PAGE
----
The University of Southampton

Southampton challenges public stereotypes for 'This is Engineering' Day

Published: 6 November 2019
Dr Kai Yang is developing new e-textile technologies that can relieve pain for people living with arthritis.

The University of Southampton has celebrated the engineers shaping the world around us as a supporting partner of 'This is Engineering' Day.

The Russell Group University has joined forces with the Royal Academy of Engineering (RAEng) for the national campaign, which aims to change the public perception of engineers by showing a different - and more representative - image of the profession in the 21st Century.

The day has been created as part of the 'This is Engineering' campaign that is addressing a significant skills and diversity shortfall hampering the profession.

One of the major barriers to young people aspiring to be engineers is deeply rooted cultural perceptions of engineering as narrow, mechanical, too technical, and dull: a perception that’s being reinforced online. Representative images for 'engineers' on online search engines offer a very narrow view, one that supports stereotypical ideas that engineering only happens in hard hats, on construction sites.

Today, universities and companies across the UK that depend on engineering and the ingenuity of engineers, such as Google and Facebook, are challenging this narrow stereotype of the engineer.

Southampton's School of Electronics and Computer Science is promoting the journey of Dr Kai Yang, a Principal Research Fellow in the Smart Electronic Materials and Systems (SEMS) research group who is developing new e-textile technologies that can relieve pain for people living with arthritis.

Since studying Material Engineering at the Beijing Institute of Fashion Technology in China, Kai has gathered over a decade of experience in novel e-textile materials, manufacturing and development of applications in healthcare and wearable technologies.

She is mid-way through her current Engineering and Physical Sciences Research Council Fellowship, following the innovative creation of a wearable Functional Electrical Stimulation (FES) training system for stroke upper limb rehabilitation funded by Medical Research Council.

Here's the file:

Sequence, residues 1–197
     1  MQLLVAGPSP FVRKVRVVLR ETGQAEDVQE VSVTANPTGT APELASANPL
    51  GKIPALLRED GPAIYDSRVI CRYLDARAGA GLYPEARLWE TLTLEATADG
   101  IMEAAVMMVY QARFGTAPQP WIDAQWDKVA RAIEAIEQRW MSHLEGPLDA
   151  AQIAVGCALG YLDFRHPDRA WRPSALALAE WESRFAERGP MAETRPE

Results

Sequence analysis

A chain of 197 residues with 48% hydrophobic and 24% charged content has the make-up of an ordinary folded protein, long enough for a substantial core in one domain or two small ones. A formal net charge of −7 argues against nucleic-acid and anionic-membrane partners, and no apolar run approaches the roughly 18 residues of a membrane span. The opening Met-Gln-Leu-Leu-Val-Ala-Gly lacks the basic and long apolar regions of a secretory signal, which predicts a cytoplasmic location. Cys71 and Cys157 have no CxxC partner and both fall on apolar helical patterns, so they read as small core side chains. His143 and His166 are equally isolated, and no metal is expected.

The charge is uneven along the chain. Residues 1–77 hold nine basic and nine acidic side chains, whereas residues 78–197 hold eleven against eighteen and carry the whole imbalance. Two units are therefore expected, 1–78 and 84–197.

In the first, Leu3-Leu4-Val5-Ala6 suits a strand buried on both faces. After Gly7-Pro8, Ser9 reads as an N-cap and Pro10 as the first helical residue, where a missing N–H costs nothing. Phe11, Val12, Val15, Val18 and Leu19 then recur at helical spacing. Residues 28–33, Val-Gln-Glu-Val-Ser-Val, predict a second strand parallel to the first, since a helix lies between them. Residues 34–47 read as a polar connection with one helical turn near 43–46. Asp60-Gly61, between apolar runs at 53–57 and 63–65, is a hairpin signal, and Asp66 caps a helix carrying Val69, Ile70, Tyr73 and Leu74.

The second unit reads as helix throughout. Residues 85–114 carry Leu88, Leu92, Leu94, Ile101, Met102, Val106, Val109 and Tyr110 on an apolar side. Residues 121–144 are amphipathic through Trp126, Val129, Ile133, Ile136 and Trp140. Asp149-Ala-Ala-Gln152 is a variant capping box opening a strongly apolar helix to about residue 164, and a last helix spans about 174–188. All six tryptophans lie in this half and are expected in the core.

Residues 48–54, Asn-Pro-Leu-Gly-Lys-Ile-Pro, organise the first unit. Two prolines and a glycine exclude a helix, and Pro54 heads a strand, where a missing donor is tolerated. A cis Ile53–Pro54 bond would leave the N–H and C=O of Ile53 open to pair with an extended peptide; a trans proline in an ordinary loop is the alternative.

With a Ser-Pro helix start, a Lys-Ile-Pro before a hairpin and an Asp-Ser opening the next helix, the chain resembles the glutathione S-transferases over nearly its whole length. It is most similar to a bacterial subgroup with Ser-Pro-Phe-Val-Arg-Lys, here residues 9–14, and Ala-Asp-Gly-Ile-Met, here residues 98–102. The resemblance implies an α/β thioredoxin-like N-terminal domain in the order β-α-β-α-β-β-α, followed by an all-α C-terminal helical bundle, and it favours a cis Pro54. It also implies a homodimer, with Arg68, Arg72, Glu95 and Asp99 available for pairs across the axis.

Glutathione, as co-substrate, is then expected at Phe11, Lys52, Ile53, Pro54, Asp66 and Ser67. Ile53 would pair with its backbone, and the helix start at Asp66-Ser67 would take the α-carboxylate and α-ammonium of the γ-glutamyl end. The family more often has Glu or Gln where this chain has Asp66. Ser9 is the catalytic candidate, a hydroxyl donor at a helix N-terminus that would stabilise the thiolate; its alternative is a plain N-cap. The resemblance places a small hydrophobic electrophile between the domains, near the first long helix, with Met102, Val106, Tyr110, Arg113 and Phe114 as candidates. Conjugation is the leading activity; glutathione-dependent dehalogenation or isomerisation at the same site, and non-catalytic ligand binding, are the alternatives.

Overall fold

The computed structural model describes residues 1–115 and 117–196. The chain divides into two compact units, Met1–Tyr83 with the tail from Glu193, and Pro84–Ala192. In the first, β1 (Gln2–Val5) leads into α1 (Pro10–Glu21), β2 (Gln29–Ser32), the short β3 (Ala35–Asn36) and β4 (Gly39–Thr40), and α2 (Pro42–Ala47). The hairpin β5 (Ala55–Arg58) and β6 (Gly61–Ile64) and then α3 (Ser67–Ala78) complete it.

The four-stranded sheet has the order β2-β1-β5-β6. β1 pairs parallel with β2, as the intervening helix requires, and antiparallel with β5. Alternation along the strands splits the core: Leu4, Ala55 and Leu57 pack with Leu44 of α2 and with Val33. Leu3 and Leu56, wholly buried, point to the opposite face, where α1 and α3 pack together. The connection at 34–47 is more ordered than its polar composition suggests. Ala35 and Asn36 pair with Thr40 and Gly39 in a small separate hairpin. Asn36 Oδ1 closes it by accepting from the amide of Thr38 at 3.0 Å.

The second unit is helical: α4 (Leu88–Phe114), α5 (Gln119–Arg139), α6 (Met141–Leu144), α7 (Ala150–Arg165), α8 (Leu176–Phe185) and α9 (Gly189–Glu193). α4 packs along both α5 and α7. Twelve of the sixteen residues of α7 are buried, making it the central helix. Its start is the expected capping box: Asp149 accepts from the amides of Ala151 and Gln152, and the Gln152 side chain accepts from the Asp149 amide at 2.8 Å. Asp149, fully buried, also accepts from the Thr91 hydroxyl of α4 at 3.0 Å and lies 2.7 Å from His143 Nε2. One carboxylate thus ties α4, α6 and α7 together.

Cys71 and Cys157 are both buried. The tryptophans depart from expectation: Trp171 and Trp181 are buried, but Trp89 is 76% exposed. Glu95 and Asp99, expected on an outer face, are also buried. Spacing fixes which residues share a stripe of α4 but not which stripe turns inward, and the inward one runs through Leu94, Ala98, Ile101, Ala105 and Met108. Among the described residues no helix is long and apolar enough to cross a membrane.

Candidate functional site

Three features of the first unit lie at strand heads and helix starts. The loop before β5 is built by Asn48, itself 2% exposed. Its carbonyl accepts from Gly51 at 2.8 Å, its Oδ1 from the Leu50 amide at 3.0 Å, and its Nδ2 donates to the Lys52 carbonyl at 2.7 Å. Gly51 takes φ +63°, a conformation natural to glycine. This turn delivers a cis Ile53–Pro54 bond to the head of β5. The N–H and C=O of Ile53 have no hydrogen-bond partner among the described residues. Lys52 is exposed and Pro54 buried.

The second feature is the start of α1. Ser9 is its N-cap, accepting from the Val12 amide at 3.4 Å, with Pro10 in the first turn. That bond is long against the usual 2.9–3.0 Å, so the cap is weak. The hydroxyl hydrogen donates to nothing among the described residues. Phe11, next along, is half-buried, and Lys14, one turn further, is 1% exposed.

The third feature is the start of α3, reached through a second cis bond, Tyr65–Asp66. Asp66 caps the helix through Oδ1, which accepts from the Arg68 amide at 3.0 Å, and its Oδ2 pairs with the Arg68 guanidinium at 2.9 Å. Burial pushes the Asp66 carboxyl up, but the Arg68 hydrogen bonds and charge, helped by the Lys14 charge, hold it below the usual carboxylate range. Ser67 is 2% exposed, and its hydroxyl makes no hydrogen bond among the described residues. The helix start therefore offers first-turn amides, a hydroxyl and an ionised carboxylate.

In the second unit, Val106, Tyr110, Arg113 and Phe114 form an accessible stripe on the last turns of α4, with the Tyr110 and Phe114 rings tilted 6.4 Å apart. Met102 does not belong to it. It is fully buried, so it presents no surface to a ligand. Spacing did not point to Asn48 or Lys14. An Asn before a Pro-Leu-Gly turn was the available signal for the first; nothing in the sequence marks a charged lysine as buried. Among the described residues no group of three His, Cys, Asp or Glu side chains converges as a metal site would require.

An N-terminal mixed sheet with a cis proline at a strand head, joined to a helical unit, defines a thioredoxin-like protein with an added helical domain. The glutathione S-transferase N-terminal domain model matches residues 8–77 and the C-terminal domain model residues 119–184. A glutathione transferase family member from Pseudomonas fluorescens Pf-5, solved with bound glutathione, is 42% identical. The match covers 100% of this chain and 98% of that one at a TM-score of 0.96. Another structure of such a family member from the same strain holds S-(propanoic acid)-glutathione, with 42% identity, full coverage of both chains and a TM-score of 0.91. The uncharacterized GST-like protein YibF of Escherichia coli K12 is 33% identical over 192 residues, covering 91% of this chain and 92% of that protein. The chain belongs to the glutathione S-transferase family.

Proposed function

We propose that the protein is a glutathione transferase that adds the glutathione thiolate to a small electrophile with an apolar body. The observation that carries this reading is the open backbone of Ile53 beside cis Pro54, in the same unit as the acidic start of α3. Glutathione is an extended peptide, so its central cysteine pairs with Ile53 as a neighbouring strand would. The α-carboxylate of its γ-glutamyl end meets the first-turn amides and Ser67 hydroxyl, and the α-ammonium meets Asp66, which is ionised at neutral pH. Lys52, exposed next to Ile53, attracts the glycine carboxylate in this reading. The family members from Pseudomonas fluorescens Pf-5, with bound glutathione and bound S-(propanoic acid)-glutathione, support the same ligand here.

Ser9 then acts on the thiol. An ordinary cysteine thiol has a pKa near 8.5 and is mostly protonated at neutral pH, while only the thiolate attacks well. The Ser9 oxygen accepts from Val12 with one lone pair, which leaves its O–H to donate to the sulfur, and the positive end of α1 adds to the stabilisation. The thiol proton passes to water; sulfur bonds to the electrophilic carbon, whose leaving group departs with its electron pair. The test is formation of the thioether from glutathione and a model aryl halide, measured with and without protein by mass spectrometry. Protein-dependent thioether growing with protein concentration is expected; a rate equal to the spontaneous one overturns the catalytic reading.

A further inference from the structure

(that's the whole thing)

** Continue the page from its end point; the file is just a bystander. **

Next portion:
Dr Hayaatun Sillem, CEO, Royal Academy of Engineering, said: "Engineering and technology play an incredible role in shaping the world around us and in addressing some of society’s biggest challenges, from providing a sustainable supply of food, water and clean energy, to advancing healthcare, and keeping us safe and secure. We know that young people increasingly want to tackle these issues and make a difference in the world, but unfortunately the lack of understanding around engineering is stopping them from exploring careers that will enable them to do this.

"This matters because we face an estimated shortfall of up to 59,000 engineers each year in the UK, and there is a pressing need to diversify our engineering workforce since only 12% of professional engineers are female and 9% are from black, Asian and minority ethnic backgrounds. That's why we've made 6 November 'This is Engineering' Day, to raise awareness of what engineers really do and celebrate those that are shaping the world we live in."

The University of Southampton has signed the 'This is Engineering' pledge to reflect the breadth and diversity of engineering by making more representative images of engineers and engineering more visible to the public.

Professor Bashir Al-Hashimi, Dean of Faculty Engineering and Physical Sciences, said: "We are delighted to join other universities and organisations in signing this pledge which firmly commits us to clearly reflect the breadth and diversity of our profession. Engineering is an exciting, varied and rewarding career, and yet the UK has a shortage of young people applying for engineering courses and engineering jobs.

"One of the prime reasons for this shortage is that many people hold outdated views of what engineering is and we will work hard to change that public perception by showing a different and more representative image of the engineering in the 21st Century."

For more information on the campaign, and to show your support visit the and follow @ThisIsEngineering on Instagram.

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